Phoenix CPA | Farmer Tax Tips
Farms include ranches, ranges and orchards. Some farms raise livestock, poultry or fish. Individuals report the revenues and expenses from their farm activities on Schedule F, Profit or Loss from Farming. If you own and operate a farm, here a some tips to help you come tax season.
- Insurance payments you receive from crop damage count as income to you. You should report these payments as income in the year you receive the payments.
- If you sell livestock or items that you purchased for resale, you must report the income from those sales.Your profit or loss is the difference between your selling price and your basis in the item. Basis is usually the cost of the item but may also include other amounts you paid to acquire the item such as sales tax and freight.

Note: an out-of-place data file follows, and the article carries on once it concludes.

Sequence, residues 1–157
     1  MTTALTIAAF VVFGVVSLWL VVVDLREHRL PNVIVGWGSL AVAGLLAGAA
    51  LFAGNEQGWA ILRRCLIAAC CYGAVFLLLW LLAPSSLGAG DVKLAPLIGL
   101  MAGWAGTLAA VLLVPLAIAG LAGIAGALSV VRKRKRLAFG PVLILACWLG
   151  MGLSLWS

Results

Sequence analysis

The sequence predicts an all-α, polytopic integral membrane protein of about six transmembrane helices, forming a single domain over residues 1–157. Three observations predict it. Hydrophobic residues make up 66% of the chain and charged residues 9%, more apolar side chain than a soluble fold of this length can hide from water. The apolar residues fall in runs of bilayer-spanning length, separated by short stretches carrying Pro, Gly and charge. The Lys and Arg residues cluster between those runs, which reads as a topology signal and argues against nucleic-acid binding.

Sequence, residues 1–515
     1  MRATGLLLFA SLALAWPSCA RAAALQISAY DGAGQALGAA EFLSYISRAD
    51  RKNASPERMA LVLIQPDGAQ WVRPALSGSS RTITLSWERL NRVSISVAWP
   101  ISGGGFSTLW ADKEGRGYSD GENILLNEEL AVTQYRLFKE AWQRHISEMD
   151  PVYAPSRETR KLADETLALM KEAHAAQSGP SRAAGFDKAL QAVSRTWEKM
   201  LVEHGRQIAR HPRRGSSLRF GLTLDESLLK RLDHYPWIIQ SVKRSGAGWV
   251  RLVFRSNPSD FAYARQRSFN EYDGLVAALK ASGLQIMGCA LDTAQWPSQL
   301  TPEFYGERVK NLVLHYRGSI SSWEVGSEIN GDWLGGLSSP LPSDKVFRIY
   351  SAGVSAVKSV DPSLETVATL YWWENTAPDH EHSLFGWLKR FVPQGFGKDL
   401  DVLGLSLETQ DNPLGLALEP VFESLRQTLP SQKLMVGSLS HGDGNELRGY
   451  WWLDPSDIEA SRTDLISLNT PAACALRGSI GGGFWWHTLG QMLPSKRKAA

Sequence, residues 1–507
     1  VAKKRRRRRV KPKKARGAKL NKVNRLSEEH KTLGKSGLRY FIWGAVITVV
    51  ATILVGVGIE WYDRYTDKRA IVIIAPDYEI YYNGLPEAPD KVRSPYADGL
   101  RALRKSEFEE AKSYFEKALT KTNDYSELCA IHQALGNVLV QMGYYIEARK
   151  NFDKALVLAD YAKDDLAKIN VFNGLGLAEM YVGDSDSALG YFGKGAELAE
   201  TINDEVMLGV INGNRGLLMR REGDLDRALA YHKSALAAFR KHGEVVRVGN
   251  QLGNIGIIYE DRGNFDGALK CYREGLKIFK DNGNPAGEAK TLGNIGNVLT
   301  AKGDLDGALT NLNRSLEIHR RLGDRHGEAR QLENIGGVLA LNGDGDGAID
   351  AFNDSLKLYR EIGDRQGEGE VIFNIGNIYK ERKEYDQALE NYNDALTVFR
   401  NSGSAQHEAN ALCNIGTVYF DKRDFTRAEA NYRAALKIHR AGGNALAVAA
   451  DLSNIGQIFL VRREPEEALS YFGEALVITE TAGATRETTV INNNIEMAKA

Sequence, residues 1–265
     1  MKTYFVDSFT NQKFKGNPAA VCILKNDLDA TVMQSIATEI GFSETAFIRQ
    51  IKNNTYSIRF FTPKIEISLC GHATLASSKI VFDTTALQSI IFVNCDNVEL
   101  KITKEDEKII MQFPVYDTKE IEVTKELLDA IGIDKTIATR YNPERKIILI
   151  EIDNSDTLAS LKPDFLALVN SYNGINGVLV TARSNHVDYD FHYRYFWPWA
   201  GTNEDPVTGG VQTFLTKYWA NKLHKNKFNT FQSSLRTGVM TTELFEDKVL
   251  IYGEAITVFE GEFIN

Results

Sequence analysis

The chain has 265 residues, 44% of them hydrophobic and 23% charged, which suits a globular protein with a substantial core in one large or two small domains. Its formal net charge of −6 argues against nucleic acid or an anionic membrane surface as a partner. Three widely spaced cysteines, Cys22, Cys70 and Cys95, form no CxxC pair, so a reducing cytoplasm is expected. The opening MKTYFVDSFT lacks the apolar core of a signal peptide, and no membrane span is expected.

- Bad weather events such as a drought or flood may force you to sell more livestock than you normally would in a normal year. If so, you may be able to delay reporting the gain from the sale of the extra livestock.
- Farmers are allowed to deduct ordinary and necessary expenses they paid to operate their business. An ordinary expense is a common and accepted cost for that type of business. A necessary expense is one that is proper for that business.
- Farmers can also deduct wages they paid to their full and part time workers. You must withhold Social Security, Medicare and income taxes from their wages.
- Interest paid on a loan used for the farming business is deductible. You cannot deduct the interest paid on personal loans.
- You may be able to average some or all of the current year’s farm income by spreading out over the past 3 years. This may cut your taxes if your farm is high in the current year and low in one or more of the past three years.
If you would like more information, feel free to contact us at Dusseau & Makris, PC, your Phoenix CPA firm.